On tiles, a story of gentrification
Project chronicles Davis Square over 30 years
It’s been about 30 years since schoolchildren in Somerville created the artwork for a series of tiles - crudely drawn sailboats, rail cars, and clowns - that now adorn the Davis Square T station’s brick entrance wall.
Many commuters walk by without a pause. But a group of community arts organizers believes these 249 tiles tell the story of a neighborhood that has changed as much as any in Greater Boston in the 25 years since Davis Square got its own subway stop along the MBTA’s Red Line.
In April, members of the Davis Square Tiles Project began an effort to track down the people - now probably between 35 and 45 years old - who created the artwork to find out how their lives have changed and how they view the changes in their old neighborhood.
They want to tell the collective story of the community’s gentrification, with all the complexity and individuality that it entails, and start another conversation about the changes that may come when the Green Line extends into new neighborhoods in Somerville, and Medford over the next five years.
The work in progress, posted on www.davissquaretilesproject.com, is something like a reverse time capsule - coupling the ageless artwork of children with the words, insights, and in some cases photographs of the adults they grew into.
“How many people walk by those tiles and think they were made by some third-grader this year?’’ said Sabino Lagattolla.
Lagattolla, who drew a sailing ship under a beaming yellow sun when he was in second grade, is now a 38-year-old network engineer, living in Hudson with a wife, two children, and another baby due in November. He visits his old hometown with his family, to soak up the past and to stock up on steak at McKinnon’s Meat Market.
Lagattolla’s personal history echoes parts of the neighborhood’s transition from blue-collar working-class families to postgrad hipsters wearing pork pie hats in search of craft beers.
His father was a pipe fitter, his mother a seamstress. They all moved to Somerville from Southern Italy in 1972. Lagatolla remembers the community’s ills - the drug problems that plagued some of his neighbors - and a tight-knit spirit that allowed him to ride 15 blocks on his bicycle without worrying his mother. He only regrets that he could not afford to take over the house he grew up in when his father died in 2000.
Another child of Davis Square, Damien McCaffery, drew a blocky sneaker with big white laces when he was 11. On the project’s website, next to the image of the sneaker, he has since posted modern photos of himself, one next to horses and another sitting in an urbane restaurant.
“I went back and it freaked me out,’’ the 39-year-old Brooklyn resident wrote. “Davis Square used to be a seedy area but a decent place to get a slice and a coke, or catch a game over a beer, but now appears to be a terrific place to sip a latte and, I don’t know, shop for a fair trade booster seat?’’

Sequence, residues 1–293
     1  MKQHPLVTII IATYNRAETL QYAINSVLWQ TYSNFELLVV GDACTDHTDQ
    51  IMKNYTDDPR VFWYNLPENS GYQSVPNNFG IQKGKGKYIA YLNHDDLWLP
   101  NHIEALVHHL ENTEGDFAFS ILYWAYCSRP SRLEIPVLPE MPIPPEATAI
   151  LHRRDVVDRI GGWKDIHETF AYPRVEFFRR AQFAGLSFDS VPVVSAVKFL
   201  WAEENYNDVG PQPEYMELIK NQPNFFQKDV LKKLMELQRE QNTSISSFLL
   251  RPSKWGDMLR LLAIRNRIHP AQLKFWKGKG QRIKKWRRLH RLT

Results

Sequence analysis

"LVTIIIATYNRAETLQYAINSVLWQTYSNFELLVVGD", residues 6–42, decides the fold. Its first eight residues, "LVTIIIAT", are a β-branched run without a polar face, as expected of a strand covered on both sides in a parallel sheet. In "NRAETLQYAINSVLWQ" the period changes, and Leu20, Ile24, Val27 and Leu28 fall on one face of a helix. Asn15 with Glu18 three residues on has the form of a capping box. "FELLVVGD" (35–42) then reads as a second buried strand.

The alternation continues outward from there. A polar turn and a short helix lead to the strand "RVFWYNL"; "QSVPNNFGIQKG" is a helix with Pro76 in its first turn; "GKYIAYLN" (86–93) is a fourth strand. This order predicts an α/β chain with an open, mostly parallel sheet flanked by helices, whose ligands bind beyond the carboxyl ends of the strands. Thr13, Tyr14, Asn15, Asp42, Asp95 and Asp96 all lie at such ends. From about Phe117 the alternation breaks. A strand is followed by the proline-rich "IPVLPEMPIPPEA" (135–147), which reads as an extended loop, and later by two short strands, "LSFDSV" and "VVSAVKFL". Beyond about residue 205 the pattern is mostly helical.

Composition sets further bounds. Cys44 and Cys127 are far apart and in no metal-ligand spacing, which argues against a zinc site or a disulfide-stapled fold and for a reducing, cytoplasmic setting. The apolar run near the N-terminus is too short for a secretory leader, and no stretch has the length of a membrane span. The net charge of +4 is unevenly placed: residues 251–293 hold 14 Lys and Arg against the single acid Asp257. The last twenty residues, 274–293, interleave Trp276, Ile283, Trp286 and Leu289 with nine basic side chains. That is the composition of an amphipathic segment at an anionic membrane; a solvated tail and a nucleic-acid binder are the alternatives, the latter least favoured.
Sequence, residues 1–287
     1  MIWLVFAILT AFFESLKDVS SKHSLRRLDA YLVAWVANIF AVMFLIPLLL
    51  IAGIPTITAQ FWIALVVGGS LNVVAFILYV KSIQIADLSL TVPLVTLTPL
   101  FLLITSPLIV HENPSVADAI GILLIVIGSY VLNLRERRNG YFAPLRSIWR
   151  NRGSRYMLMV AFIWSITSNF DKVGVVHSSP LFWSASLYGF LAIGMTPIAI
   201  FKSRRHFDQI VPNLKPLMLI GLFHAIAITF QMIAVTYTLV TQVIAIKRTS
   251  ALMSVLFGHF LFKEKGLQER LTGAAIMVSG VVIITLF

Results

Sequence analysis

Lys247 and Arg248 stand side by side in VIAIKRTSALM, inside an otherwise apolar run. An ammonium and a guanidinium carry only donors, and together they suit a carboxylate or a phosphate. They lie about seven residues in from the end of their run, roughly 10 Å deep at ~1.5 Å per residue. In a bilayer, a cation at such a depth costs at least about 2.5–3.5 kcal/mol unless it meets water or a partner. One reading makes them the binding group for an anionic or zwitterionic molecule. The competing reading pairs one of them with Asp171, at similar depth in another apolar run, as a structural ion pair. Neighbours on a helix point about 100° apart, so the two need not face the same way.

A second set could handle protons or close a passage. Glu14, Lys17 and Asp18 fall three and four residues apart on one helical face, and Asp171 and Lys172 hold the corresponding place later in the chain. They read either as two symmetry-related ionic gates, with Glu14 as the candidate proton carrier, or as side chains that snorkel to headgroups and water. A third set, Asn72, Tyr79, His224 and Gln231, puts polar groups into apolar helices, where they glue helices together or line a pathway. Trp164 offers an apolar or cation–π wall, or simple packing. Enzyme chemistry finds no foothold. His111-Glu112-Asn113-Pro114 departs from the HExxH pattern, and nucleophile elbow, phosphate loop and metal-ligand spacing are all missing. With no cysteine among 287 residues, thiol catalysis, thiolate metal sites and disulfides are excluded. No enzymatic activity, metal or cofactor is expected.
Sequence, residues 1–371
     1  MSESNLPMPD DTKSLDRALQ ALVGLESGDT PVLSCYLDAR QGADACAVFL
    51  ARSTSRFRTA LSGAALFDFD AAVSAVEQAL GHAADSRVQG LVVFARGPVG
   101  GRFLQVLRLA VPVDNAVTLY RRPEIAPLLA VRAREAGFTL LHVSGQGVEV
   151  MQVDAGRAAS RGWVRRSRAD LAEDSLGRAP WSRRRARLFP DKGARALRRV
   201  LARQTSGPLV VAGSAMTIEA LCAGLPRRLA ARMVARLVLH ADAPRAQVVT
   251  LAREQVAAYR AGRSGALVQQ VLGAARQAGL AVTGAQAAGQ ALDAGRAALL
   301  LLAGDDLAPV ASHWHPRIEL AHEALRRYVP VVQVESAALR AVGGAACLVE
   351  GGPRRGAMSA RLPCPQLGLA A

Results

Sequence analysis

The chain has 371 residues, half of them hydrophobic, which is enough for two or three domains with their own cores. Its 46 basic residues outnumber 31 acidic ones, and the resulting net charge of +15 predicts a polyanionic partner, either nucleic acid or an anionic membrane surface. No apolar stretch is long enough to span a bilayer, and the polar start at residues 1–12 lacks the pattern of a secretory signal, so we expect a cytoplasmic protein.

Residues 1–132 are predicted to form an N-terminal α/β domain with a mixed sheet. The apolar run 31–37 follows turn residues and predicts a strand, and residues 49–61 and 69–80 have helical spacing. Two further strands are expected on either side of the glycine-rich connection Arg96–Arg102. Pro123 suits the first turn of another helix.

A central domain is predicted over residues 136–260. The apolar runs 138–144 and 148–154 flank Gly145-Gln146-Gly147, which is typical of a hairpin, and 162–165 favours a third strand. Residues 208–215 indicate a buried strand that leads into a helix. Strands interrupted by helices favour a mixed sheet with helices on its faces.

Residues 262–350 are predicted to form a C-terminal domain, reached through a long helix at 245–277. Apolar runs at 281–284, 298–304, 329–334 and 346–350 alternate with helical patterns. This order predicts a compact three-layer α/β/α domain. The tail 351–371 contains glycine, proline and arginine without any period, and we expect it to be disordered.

But his feelings are conflicted. In an interview, McCaffery, who works for magazines, admits Somerville has become exactly the type of place he and his girlfriend would embrace in their current lives. “I’m the worst sort of critic,’’ he said. “I left. I look back. Everything’s changed. Boo hoo hoo.’’
So far, 27 former schoolchildren have posted responses, ranging from a quick sentence to a few pages of deep insight. Almost all the participants have moved to a new town, a new neighborhood, or a new state. At least two of them have died, according to a project organizer.
The story of Davis Square’s change has been widely documented. But the tile project demonstrates there are hundreds, if not thousands of individual versions.
“People talk about diversity in a sort of very shallow way - this is a real snapshot of a pretty wide-ranging group of kids,’’ said Nick Jehlen, a 37-year-old Somerville native who conceived of the project as an outgrowth of an activist arts organization called The Action Mill.
The initial drawings were transferred to tiles and assembled by a pair of artists - Jackson Gregory and Joan Wye - who worked with an art teacher at the former Powderhouse Community School in 1979 and 1980 to turn the children’s art work into a lasting installation. The collection, unveiled in 1983, was part of a pioneering MBTA program, Arts on the Line, that has been replicated across Boston’s public transit system.
Jehlen has been eyeing the tiles for years, coveting “possible access to 249 stories.’’ He notes that if a similar children’s art installation were assembled today, parents might be too fearful to include their children’s names, making follow-up projects like this impossible.
Katie Hargrave, the project’s co-director, is an artist born a year after the T station opened. She moved to Davis Square from Chicago because of the access to Brandeis University for graduate school.
She wears funky glasses, hangs out at the independent coffee shop, and is well aware she is part of the cultural change that some of the former child artists now assess with mixed emotions.
“We’re certainly not trying to make a judgment call as to what Davis should be,’’ Hargrave said.
Noah Bierman can be reached at firstname.lastname@example.org.